And Daniel’s fame isn’t a royal family secret. Another prophet, Ezekiel, references Daniel when he’s preaching against a clever, but arrogant ruler of another nation. This ruler thinks he’s a god, and might even be wiser than Daniel:
Behold, you are wiser than Daniel;
There is no secret that is a match for you. (Eze 28:3)
(Or maybe Ezekiel is just mocking that guy.)
It’s cool in and of itself that Daniel is being quoted by a contemporary.* But it’s also interesting that a Hebrew writer chooses Daniel as a reference point, rather than, say, Solomon.
*OK, full disclosure, it’s possible that there was an ancient legendary figure named Daniel who has nothing to do with our prophet.
4. Daniel’s specialty is a dream interpretation
There are several dreams in the Bible, and many of them seem to be straightforward instructions from God. But other dreams use bizarre symbolism to communicate something to the dreamer.
When someone gets a weird dream like this, there are a few ways they can interpret it:
- Figure it out themselves
- Get someone in the dream to explain it
- Ask someone else to explain it
Daniel has option #3 covered.
He gains notoriety for understanding dreams in his youth (Da 1:17). And he is the only person who can interpret some of the most troubling dreams and visions for Nebuchadnezzar and his son, Belshazzar (Da 2:27, 30; 4:4–9; 5:15–17).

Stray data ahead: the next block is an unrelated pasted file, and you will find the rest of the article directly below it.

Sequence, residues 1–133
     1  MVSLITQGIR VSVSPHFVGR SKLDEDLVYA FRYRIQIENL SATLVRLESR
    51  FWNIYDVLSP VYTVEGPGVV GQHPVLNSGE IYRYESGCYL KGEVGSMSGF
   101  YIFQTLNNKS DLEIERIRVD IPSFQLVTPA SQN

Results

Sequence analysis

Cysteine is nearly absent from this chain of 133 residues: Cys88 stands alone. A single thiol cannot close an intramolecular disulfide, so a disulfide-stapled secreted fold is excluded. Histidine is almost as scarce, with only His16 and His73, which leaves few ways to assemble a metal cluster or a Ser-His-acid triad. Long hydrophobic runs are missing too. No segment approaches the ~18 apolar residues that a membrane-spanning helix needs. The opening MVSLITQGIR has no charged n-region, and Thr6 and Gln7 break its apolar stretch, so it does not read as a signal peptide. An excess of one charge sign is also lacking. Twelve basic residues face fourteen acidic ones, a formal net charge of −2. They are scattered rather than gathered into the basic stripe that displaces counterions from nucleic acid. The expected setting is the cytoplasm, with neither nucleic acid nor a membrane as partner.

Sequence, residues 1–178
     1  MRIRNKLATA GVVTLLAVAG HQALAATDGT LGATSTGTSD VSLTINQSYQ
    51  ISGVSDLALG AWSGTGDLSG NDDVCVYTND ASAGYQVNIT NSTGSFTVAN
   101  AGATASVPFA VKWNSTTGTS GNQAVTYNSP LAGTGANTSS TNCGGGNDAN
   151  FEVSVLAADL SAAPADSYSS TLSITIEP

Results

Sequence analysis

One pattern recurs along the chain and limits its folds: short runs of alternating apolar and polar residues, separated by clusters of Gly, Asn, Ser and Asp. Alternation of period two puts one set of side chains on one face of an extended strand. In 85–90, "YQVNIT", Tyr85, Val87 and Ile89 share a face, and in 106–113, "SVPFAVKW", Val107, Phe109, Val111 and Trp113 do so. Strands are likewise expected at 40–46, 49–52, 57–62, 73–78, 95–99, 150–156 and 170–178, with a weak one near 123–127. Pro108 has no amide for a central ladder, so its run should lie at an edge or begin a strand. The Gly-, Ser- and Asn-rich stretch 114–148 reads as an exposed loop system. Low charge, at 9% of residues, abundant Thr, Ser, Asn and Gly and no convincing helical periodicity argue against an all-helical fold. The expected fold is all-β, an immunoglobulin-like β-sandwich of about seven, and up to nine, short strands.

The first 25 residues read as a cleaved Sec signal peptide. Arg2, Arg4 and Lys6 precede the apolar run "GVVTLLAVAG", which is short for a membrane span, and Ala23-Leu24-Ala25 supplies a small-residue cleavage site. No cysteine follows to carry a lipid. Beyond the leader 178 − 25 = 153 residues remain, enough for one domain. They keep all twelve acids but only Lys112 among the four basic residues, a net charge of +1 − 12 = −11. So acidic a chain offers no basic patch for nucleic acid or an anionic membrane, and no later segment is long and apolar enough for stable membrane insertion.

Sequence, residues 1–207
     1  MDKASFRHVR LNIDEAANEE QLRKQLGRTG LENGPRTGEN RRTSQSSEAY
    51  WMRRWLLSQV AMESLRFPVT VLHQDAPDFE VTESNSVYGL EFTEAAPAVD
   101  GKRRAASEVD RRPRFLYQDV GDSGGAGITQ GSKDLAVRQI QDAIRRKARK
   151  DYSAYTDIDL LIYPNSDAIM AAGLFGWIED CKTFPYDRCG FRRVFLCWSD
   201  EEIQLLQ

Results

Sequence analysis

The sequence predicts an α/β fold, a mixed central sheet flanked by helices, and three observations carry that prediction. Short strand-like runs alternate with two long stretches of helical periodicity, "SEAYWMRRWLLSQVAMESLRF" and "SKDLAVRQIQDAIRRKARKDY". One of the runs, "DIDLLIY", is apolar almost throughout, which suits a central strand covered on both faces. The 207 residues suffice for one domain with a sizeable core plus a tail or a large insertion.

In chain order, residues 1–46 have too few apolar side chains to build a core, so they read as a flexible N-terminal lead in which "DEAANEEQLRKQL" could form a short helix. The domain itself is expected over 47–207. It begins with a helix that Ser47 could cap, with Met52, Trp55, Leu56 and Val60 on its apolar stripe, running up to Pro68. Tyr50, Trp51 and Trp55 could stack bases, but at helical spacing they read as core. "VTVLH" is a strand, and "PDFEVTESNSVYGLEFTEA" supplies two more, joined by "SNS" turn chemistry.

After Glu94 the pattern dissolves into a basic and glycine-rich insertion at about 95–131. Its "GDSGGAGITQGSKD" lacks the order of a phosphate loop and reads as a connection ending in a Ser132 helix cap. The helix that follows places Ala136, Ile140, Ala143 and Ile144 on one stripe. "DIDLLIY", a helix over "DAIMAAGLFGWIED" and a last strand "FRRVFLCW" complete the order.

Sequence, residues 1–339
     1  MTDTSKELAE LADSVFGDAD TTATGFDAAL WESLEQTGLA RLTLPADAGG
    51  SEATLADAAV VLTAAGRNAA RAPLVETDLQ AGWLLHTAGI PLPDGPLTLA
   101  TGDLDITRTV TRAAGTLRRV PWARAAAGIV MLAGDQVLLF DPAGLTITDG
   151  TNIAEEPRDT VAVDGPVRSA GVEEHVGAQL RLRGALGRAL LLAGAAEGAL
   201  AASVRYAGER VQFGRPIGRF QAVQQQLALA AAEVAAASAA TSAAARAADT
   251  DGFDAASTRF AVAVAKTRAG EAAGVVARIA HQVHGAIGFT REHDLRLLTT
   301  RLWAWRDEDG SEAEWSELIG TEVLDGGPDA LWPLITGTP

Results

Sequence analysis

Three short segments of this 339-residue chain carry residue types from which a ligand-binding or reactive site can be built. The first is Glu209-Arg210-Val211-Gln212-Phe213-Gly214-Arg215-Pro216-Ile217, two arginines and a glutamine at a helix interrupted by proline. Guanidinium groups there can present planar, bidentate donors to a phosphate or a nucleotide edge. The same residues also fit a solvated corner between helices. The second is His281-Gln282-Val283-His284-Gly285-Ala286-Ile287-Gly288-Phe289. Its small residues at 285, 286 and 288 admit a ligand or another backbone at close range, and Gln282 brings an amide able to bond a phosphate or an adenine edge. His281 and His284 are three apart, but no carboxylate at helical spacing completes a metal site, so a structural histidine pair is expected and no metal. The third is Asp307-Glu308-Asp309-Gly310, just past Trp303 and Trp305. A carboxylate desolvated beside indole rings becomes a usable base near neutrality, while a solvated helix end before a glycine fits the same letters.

But that doesn’t mean Daniel can interpret every dream. In fact, Daniel has trouble interpreting some of his own dreams. When that happens, Daniel goes for option #2 of those listed above: he asks one of the people in his dream to interpret what is happening for him (Da 7:15–16).
5. Daniel’s righteousness is legendary status
Don’t mistake Daniel as some conjurer of cheap tricks. He’s not just a wise dream interpreter. He’s characterized by his unwavering faithfulness to the Law of Moses.
Daniel chooses not to defile himself with the King’s food upon his arrival in Babylon—the food would have rendered him ceremonially unclean according to the Torah (Da 1:8). And toward the end of his life he continues to pray to God and not the king, even though it puts him in danger (Da 6:13).
His faithfulness to God earns him another honorable mention from the prophet Ezekiel.